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April 23, 2016 at 03:23 PM EDT

No one sang like Nina Simone. So why did filmmaker Cynthia Mort let the star of her critically-derided new biopic on the legend, Zoe Saldana, sing every lyric? While Saldana does possess a passable croon, it communicates none of the character, hurt or mystery that made Nina so stellar. Would it have killed her to lip-synch?

The decision not to do so in the movie Nina, which opened Friday, turns out to be an even bigger problem than the already much-talked-about fact that Saldana bears no physical resemblance to the woman she’s supposed to be playing. Instead of flinching through the film, then, you should spend that time basking in Simone’s most peerless recordings.

Between 1958 and 1993, the singer (who died in 2003) captured scores of amazing performances. Though they mostly found her covering other people’s material, Simone’s arrangements, informed by her classical training, and her phrasings, drawn from jazz, re-cast the compositions entirely. A few pieces she did write became classics, including “Mississippi Goddam” and “To Be Young, Gifted and Black.” But paramount was Simone’s performance, a mix of fierce inflections and edgy enunciations that eliminated any line between what she felt and what she conveyed:

1. “I Loves You Porgy”

In 1958, Simone scored her sole Top 20 hit with a take on the George Gershwin classic. Her amber vibrato communicates equal parts eros and need.

2. “Suzanne”

Simone performed a total tear-down on Leonard Cohen’s touchstone. She re-structured his melody as a series of ascending, prickly piano chords, lending each line the urgency of a question that can’t be answered.

3. “Mississippi Goddam”

In her roiling civil rights anthem, Simone plunked the piano with a righteous power that threatened to pummel injustice into dust.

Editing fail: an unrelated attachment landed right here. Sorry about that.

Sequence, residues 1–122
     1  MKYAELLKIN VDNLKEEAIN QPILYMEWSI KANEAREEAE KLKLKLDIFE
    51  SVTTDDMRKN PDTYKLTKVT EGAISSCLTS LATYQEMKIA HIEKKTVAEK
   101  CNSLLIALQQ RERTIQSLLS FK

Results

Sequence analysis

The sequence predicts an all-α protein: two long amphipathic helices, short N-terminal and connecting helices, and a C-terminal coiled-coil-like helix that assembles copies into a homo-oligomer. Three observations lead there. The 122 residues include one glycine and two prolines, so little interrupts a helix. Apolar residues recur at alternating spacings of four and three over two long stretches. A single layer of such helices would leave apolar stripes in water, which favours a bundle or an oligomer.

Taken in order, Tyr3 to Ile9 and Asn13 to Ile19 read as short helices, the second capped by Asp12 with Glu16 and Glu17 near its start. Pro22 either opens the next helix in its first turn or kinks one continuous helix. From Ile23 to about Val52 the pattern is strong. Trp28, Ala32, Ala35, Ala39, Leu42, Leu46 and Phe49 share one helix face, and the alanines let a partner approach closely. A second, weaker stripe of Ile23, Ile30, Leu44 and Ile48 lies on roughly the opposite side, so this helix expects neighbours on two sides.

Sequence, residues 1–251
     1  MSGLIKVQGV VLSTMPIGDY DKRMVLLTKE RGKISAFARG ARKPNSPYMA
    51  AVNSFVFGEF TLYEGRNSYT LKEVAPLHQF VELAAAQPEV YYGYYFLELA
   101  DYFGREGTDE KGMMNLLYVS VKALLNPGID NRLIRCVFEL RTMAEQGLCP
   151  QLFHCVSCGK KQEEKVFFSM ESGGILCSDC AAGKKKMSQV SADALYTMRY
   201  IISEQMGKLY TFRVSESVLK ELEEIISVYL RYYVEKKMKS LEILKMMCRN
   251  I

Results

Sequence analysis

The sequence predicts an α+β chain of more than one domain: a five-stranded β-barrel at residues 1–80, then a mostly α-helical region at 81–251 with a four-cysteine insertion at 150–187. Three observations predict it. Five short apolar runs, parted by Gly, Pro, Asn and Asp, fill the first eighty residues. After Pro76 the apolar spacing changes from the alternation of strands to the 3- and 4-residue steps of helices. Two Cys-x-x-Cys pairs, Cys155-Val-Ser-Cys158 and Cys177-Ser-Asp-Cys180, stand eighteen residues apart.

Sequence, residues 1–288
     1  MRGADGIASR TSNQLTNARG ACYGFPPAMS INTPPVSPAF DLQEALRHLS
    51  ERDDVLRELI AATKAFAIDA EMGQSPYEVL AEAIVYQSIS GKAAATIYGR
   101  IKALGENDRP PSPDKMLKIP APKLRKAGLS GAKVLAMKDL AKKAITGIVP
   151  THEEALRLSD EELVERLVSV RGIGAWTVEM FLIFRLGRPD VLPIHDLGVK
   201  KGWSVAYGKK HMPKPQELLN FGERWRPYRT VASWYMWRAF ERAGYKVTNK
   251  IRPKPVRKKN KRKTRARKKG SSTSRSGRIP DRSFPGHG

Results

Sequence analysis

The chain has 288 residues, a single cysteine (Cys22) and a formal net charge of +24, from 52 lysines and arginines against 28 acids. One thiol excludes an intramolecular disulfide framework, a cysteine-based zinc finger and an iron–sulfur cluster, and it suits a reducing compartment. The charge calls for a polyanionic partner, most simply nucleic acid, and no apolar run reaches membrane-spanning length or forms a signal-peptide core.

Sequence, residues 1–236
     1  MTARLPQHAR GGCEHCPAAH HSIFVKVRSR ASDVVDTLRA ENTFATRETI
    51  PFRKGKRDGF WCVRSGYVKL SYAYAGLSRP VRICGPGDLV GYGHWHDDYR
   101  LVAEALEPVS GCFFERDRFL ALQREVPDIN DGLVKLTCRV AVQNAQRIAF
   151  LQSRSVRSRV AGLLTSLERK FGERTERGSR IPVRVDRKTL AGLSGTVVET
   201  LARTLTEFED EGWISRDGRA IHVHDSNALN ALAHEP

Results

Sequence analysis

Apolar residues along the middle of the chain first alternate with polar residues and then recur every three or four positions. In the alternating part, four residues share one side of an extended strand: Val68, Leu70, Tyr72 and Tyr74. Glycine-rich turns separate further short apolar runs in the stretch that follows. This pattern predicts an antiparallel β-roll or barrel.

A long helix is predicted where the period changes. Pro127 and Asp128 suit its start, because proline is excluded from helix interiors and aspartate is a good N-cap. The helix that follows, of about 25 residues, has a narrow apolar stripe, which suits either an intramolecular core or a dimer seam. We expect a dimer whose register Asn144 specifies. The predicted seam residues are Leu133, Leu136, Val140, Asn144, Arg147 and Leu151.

4. “Don’t Let Me Be Misunderstood”

While artists from The Animals to Joe Cocker have cut superb versions of this song, Simone’s take isolates the narrator’s sense of regret. Her sense of remorse puts redemption crushingly out of reach.

5. “Strange Fruit”

No one captured moral outrage more convincingly than Simone, making her the ideal communicator of Billie Holiday’s chilling lyric about a lynching. No wonder, when Kanye West wanted a sample for his rap “Blood on the Leaves,” he drew from her take.

6. “In Love In Vain”

On this recording, Simone shows off the erudition of her piano work as well as the widest arc of her vocals. Her final trills have an Olympic grandeur.

7. “To Love Somebody”

The most soulful song The Bee Gees ever wrote brings out Simone’s deepest ache. The way she delivers the refrain “you don’t know what it’s like,” dares anyone to know the depths of her loneliness.

8. “The Other Woman”

Simone’s version inspired Jeff Buckley’s divine take. But while his emphasized rejection, her wry reading stresses the delicious revenge delivered in the final verse.

9. “Feeling Good”

No one nailed the sassiness of this song with more confidence than Simone. She seemed to be singing not just of sexual openness but of personal liberation.

10. “Who Knows Where The Times Goes”

Judy Collins cut the best known version of the Sandy Denny classic. But Simone’s slowed-down take captures both the pain of morality and the enigma of eternity. It could well serve as her sonic eulogy.

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